Sunday Post: A hung parliament will only worsen the economic crisis

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2 May 2010

Written by Dr Madsen Pirie

Some people hope that no party will have an overall majority after Thursday's General Election. Those who want to change our voting system think that a 'hung' parliament will make it more likely to happen. Some commentators think that a hung parliament will be more interesting because it will be less predictable, and they look forward to the excitement that uncertainty will bring.

More widespread is a general feeling that the existing parties have not handled things very well, and maybe they should work together instead of attacking each other all the time.

The expenses scandal has tainted all parties, and left the country with less respect for Members of Parliament than anyone can remember.

Some people are tempted by the idea of a coalition government simply because it would mean things being done differently, making an abrupt change from the existing practices that have been so discredited.

A hung parliament is a distinct possibility. The televised debates have given us a three-way race for the first time in decades, and no-one knows how it might turn out. If either the Conservatives of Labour won most seats, but not enough for a majority, they would need support from outside to form a government.

Great Depression

The thought causes fear and uncertainty among those who look at Britain's economic prospects. They see the county facing its most serious economic crisis since the Great Depression of the 1930s, and shudder at the thought that we might have only a weak and indecisive government at the helm, trying to steer us through the storms.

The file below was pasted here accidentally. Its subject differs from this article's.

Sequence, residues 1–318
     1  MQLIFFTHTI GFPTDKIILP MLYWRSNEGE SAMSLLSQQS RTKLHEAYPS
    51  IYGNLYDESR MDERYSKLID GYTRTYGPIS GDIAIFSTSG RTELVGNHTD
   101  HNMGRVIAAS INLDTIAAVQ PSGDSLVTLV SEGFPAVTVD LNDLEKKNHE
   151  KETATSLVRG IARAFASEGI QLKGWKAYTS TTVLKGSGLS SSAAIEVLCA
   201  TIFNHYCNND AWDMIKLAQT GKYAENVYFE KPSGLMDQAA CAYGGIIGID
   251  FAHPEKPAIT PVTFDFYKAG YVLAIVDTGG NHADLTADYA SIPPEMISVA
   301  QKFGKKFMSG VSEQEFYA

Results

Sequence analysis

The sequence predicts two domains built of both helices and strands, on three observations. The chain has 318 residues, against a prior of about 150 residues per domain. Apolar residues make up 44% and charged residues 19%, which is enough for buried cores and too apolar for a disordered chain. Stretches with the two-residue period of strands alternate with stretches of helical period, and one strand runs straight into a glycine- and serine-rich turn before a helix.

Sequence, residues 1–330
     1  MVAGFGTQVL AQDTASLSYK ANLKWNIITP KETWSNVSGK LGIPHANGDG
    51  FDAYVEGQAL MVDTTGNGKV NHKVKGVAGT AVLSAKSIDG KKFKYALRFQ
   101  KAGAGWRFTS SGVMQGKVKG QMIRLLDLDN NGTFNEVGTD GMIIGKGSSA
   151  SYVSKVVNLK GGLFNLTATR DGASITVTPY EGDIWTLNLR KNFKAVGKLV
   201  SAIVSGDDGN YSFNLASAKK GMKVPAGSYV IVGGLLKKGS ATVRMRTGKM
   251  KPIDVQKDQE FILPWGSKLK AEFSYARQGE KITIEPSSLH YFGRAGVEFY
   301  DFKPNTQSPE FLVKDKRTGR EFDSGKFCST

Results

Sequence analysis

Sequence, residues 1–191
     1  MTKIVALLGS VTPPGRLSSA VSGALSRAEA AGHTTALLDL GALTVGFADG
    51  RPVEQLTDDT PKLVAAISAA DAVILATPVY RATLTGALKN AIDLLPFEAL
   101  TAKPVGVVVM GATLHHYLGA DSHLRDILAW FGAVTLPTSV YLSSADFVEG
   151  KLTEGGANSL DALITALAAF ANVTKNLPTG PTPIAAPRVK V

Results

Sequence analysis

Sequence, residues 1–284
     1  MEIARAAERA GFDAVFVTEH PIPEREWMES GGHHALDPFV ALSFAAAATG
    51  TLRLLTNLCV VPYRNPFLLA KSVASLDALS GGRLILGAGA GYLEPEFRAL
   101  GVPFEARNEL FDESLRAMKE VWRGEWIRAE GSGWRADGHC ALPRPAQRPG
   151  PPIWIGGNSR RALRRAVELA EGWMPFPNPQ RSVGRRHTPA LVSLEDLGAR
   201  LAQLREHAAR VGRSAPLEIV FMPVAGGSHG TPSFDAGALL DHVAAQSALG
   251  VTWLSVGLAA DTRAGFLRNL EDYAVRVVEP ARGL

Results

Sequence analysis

The figures are certainly mind-bogglingly large. The yearly deficit, estimated this year at £170bn is merely the amount our indebtedness will increase.

That debt is officially put at £850bn, but everyone knows that this is a gross under-estimate that excludes those huge public sector pension liabilities, public commitments to bodies such as Network Rail, the private-public partnership commitments, and anything else that can be conveniently left off the books. The real figure is well over £1,000bn.

Economic analysts know that only tough decisive action can save us from following Greece down the plug-hole that country's economy is rapidly approaching.

But how, they ask, can you get tough, decisive action from a weak government patched together from parties who disagree about fundamentals? Precisely. You can't.

Imagine a new government laying out a programme to cut spending, only to find its coalition partner insisting that the real priority is changing the voting system to guarantee it more seats in future parliaments.

Imagine one party trying to get the economy moving with tax cuts calculated to get businesses investing, only to have one of its partners demanding tax increases to punish bankers and have business paying what they call "a fairer share" of the total.

These are real differences that would emerge in a hung parliament.